By Jay Tokasz | News Staff Reporter | Google+on September 18, 2016 – 5:46 PM, updated September 18, 2016 at 8:35 PM
The orange juice at Trattoria Aroma had an extra zing to it Sunday morning.
The popular brunch destination on Bryant Avenue in Buffalo celebrated the adoption of the state’s new alcohol law with a mimosa toast at 10 a.m. – the moment the so-called “brunch bill” allowing restaurants to sell alcohol on Sunday mornings took effect.
“It doesn’t taste quite as forbidden as I thought it would,” Assemblyman Sean M. Ryan, D-Buffalo, quipped after sipping the traditional brunch cocktail from a champagne flute.
Ryan joined Aroma owner David A. Consentino; State Sen. Timothy M. Kennedy, D-Buffalo; Erie County Legislator Patrick B. Burke, D-Buffalo; and local craft brewers and distillers to usher in an era of new alcohol regulations to replace old state laws that critics had derided as archaic and detrimental to businesses.
“Thanks for having us, Dave,” Kennedy said to Consentino moments after the toast.
“My pleasure,” Consentino responded. “Thanks for passing a bill we don’t mind complying with.”
The mirthful gathering on the outdoor patio also featured a round of bloody marys, another popular brunch libation that under old state regulations was prohibited to diners until after noon on Sundays. The new regulation opens the window for imbibing an additional two hours on Sundays, while also revising other elements of the state’s blue laws to cut red tape and lower costs for the broader alcoholic beverage industry.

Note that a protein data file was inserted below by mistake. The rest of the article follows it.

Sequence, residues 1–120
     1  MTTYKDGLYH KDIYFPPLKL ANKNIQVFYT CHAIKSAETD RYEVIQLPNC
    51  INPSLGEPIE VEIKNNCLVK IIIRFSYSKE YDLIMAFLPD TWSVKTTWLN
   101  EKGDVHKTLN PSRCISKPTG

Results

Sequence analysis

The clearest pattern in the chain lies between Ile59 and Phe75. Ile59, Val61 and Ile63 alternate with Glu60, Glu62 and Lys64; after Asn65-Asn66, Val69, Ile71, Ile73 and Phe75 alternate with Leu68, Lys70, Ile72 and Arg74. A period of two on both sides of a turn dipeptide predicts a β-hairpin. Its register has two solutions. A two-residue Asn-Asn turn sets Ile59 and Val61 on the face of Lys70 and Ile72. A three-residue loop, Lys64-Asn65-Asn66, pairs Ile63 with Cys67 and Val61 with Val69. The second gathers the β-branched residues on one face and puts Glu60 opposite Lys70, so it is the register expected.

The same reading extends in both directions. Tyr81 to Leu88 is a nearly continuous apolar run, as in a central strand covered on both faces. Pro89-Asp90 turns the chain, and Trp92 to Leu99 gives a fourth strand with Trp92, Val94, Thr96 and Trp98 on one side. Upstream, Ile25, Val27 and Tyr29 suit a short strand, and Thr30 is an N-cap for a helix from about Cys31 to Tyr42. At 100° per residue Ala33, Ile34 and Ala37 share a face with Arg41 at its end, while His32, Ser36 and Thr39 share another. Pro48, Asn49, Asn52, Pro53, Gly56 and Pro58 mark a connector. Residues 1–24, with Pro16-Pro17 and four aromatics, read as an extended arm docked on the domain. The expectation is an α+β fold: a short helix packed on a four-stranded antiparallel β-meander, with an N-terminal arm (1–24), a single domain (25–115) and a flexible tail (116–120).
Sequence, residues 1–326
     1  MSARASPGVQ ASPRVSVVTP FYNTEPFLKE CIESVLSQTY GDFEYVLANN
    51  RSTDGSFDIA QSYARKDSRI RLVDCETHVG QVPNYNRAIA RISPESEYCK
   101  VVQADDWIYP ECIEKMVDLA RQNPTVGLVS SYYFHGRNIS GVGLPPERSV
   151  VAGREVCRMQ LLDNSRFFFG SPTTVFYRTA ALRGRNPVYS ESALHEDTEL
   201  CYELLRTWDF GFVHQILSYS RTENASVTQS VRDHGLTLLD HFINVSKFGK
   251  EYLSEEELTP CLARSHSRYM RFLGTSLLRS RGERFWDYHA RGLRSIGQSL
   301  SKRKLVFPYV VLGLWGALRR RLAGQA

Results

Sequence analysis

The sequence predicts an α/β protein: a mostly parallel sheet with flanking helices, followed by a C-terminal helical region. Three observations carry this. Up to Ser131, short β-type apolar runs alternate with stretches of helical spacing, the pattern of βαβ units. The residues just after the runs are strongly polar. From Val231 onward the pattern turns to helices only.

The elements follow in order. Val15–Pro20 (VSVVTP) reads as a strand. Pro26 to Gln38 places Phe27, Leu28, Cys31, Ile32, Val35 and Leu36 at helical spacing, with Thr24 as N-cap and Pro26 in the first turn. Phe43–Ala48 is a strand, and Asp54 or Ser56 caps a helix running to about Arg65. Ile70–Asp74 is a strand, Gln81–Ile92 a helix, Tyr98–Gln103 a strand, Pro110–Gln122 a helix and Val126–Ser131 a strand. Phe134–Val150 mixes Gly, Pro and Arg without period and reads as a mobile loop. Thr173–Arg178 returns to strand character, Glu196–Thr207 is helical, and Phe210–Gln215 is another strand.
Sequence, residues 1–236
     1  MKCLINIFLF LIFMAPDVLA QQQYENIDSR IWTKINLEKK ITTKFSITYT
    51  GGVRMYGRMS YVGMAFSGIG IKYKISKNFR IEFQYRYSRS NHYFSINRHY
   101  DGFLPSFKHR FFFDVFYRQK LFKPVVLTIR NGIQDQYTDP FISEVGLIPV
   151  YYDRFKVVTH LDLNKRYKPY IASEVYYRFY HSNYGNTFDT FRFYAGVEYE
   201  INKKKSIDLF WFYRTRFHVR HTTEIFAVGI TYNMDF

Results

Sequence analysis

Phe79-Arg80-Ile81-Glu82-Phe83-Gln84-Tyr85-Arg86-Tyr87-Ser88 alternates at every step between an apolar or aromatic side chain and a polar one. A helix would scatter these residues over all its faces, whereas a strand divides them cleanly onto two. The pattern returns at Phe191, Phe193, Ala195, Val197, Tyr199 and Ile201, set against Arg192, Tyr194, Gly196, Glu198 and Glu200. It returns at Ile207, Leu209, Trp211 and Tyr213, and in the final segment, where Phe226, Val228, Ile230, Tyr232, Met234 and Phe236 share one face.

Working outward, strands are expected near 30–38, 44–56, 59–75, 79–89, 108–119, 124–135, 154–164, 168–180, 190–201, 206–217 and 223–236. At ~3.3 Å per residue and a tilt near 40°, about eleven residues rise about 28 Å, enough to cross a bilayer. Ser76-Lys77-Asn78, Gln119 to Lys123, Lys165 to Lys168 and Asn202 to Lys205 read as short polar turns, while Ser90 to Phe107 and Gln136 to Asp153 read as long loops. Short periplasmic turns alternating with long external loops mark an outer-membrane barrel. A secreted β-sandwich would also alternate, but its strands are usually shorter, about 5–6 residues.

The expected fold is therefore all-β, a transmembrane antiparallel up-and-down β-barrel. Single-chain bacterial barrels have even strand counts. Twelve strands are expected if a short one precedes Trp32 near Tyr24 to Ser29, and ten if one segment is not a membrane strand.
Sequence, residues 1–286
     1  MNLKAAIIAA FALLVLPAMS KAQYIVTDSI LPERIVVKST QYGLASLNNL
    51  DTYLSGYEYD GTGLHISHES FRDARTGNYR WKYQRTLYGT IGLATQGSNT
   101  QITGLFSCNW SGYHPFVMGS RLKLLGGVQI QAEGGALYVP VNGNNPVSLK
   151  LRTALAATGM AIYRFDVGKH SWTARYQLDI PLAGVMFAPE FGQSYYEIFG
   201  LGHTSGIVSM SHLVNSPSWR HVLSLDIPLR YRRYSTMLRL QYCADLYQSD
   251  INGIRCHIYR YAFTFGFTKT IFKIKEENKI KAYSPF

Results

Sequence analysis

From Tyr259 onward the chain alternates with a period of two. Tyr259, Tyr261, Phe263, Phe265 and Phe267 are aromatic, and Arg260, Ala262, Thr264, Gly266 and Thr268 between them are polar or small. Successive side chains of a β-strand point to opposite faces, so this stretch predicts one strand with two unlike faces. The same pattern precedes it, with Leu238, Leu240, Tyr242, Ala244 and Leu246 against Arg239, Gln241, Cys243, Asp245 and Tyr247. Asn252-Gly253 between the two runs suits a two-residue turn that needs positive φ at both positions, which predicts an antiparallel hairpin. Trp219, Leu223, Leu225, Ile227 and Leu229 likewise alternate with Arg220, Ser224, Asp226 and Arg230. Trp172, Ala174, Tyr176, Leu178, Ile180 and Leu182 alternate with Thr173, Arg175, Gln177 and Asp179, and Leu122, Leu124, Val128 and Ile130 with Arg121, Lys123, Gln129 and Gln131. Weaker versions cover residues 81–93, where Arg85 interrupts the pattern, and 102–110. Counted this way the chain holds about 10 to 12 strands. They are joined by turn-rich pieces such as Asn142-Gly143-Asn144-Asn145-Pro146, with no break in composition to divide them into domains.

Ryan said restaurateurs told him repeatedly that diners were “incredulous” about the Sunday morning restriction.
“They thought it was a gag. You’re really telling me I can’t order a drink?” he said.
Ryan co-sponsored an early version of the brunch bill, while Kennedy co-sponsored the final version that lawmakers approved in June and Gov. Andrew M. Cuomo signed into law last week.
“This is, I think, the last big, symbolic Prohibition-era law that was remaining in New York State, and I was very happy to help that last vestige down,” Ryan said.
Consentino said the new law will allow his restaurant to “get the party started a little bit earlier” on Sundays, when Aroma does brisk business with its brunch menu. Consentino said he may even look to open the doors an hour earlier, since diners who want a drink with their meals no longer have to wait until noon.
The brunch bill also is expected to help the area’s growing craft beer and distillery industry by streamlining the licensing process. Craft brewers, for example, no longer have to apply for separate licenses to produce, sell and distribute their products. Under the new regulations, all of those elements are included in a single license.
“It’s more of a time savings, than money savings, but time is money,” said Ethan A. Cox, president of Community Beer Works.
Regulations can make it “intimidating” for a craft brewer to launch a business, Cox said. “When you reduce that,” he said, “you make it more inviting.”